Healing Faith: Brighton mom spreads hope during courageous battle with cancer

By Kevin Denke
Posted 4/20/10

“Along with the spring comes the rain. And rain it has, off and on all day. One of my favorite smells here on earth is the smell in the air after a long rain. In my mind, it’s as if …

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Healing Faith: Brighton mom spreads hope during courageous battle with cancer


“Along with the spring comes the rain. And rain it has, off and on all day. One of my favorite smells here on earth is the smell in the air after a long rain. In my mind, it’s as if everything has had a bath...has been cleaned up, renewed. _Winter brought bitter cold (bad news and pain), it brought slick roads and slippery paths (this journey our family has walked), it appeared as if all that had color looked ‘dead’ (what the enemy would try to convince me of along the past 3 months)._Then came the rain...._It has washed away the last of the dirty snow that has been trampled on for months and under it all lays green grass. Yes, there will still be storms, the showers will come and go, but the worshipping to my Father (much like my birds) will continue on as the newness of His creation comes to life. Color will come back, life will be renewed, strengthened. And the hopes of a miracle will forever continue on until I’m healed.”

- Diana Hummell, March 11, 2010

   The seasons didn’t stray far from their archetypes this past year for Diana Hummell.

    Winter was gloomy, cold, painful and short days echoed by doctor’s assertions that her own days were growing shorter.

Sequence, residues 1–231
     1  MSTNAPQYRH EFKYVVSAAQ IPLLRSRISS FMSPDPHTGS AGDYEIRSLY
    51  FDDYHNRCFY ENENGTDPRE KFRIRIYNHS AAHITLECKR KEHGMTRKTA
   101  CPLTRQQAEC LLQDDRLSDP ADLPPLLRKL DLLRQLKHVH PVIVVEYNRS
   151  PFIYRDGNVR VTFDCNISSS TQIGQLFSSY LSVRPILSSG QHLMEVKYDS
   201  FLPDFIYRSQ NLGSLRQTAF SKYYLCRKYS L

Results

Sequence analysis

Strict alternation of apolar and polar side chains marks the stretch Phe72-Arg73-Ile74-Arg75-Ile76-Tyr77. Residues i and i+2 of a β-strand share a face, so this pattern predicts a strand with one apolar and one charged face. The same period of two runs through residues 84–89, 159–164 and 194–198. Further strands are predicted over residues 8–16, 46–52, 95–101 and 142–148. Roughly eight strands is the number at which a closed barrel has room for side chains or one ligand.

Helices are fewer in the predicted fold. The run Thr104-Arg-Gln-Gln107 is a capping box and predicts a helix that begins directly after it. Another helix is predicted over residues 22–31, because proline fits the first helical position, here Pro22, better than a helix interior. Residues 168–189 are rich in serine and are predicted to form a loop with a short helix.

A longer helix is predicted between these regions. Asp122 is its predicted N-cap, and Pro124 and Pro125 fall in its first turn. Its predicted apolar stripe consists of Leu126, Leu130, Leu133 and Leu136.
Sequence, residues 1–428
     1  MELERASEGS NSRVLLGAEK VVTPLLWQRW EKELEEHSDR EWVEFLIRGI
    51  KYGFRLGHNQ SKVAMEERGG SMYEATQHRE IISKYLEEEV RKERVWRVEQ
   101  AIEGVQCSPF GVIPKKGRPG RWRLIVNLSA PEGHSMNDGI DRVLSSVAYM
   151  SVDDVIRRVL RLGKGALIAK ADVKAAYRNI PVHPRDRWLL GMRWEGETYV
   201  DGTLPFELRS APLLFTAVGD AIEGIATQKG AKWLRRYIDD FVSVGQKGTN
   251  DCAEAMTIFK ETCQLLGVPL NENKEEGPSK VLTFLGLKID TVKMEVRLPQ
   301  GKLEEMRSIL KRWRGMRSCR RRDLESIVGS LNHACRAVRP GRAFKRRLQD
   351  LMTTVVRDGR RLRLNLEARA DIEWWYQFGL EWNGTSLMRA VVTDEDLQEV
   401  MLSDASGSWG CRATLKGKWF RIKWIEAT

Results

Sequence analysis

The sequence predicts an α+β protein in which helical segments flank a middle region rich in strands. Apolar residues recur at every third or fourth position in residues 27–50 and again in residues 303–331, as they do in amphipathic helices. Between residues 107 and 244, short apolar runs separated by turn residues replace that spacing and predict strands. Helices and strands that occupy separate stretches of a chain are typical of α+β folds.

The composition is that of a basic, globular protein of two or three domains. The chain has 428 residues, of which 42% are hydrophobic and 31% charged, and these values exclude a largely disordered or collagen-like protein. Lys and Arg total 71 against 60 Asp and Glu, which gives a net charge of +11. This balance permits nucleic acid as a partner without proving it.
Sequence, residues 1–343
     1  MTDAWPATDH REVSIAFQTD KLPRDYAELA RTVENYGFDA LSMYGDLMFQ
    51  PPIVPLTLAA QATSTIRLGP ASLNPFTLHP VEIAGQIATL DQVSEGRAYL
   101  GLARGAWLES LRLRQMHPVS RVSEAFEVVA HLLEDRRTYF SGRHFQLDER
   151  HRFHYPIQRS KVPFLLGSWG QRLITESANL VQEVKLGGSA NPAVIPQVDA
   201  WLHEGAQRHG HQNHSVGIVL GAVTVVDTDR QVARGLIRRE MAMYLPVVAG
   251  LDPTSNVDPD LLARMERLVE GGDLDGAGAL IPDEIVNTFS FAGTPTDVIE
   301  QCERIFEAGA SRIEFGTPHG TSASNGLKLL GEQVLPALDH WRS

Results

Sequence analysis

But spring brought a sense of renewal and optimism and hope that she is defying bleak expectations.

    Diana Hummell is not dying.

    Not today, not tomorrow, and she doesn’t believe a second before the Lord has finished his work in her.

    She is audacious in her faith. She is bold in the face of daunting odds.

    And it’s not hard to believe cancer got a bigger battle from this plucky Brighton mom than it ever imagined.

Drawn together for a purpose

    The fact that Diana, 27, would take a terminal cancer diagnosis with a dose of equal parts of humility, positivity and faith didn’t surprise husband Cameron at all.

    It was her upbeat outlook on life that drew him to Diana nearly a decade before as they enjoyed vacations on the island of Kauai, Hawaii. Diana, a California native, was wrapping up a month-long stay with a friend. Cameron, a Brighton High School grad and football team captain, was enjoying a comparably shorter one-week stay with his family.

    The two stayed at the same resort and met one night amidst a group of others in the hot tub.

    “We talked a lot about God and where we were going with our lives,” Cameron recalls.

    Their conversation was enough to convince Cameron, 19 at the time, he’d met the one.

    “I went back to the suite, woke up my dad and told him, ‘Dad, I just met the woman I’m going to marry,’” Cameron says.

    Diana, 18 and fresh out of high school, ended her night with a similar call to her mom in California.

    “I just knew the moment I met him and he opened his mouth and started talking,” Diana says. “I knew without a shadow of a doubt.”

    The two were nearly inseparable for the rest of their vacations.

    Cameron’s sister, Havilah Hall, says it wasn’t hard, once the family met Diana, to realize why her brother was so smitten.

    “The next morning, we went out and met her,” Hall says. “And she was just beautiful, smiley and loved the Lord. Our whole family was taken by her right away.

    “By the time, we had gotten back to Colorado, we knew they were serious and they really pursued it,” Hall adds.